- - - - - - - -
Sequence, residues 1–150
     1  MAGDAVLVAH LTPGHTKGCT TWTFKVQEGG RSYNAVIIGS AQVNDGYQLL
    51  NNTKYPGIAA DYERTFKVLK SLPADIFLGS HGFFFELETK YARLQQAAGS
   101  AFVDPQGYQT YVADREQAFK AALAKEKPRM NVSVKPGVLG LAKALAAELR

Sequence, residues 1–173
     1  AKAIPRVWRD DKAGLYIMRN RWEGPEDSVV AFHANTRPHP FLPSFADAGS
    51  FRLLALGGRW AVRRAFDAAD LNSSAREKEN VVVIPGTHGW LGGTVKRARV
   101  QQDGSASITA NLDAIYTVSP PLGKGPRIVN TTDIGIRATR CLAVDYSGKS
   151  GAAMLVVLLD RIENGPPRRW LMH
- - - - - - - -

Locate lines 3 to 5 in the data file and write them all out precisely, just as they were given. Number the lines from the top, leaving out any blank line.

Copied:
    51  NNTKYPGIAA DYERTFKVLK SLPADIFLGS HGFFFELETK YARLQQAAGS
   101  AFVDPQGYQT YVADREQAFK AALAKEKPRM NVSVKPGVLG LAKALAAELR

Sequence, residues 1–173